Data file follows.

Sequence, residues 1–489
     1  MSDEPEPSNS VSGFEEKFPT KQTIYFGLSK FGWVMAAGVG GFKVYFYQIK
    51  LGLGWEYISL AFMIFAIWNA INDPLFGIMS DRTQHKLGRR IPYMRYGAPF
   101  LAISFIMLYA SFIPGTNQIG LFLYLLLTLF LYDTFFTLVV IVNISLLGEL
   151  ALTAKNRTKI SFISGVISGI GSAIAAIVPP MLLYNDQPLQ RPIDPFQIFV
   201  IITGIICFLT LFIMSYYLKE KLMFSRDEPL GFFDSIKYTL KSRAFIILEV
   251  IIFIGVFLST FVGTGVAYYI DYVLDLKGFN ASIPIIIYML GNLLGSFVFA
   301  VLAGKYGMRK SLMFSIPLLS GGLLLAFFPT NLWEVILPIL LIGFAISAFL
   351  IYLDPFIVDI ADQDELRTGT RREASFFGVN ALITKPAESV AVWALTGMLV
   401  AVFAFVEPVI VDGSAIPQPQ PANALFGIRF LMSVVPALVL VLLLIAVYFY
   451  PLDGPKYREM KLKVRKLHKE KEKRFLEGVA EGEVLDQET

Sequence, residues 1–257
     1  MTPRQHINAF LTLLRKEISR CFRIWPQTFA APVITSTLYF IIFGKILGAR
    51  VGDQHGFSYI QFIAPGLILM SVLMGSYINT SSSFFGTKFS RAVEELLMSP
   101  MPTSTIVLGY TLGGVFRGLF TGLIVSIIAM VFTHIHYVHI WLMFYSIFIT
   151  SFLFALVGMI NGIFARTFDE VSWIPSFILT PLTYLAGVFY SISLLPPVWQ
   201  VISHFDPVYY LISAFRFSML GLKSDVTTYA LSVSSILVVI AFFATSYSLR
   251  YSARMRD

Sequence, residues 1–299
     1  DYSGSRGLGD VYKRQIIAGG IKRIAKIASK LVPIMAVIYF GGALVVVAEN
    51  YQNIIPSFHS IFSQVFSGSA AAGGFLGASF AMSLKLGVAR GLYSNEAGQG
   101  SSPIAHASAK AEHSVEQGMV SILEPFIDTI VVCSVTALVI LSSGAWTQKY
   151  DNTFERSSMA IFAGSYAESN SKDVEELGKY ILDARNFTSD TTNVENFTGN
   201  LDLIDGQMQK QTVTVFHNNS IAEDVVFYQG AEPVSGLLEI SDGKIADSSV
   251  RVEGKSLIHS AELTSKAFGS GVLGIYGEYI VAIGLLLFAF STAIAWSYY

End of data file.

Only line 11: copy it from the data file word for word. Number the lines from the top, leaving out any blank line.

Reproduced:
   451  PLDGPKYREM KLKVRKLHKE KEKRFLEGVA EGEVLDQET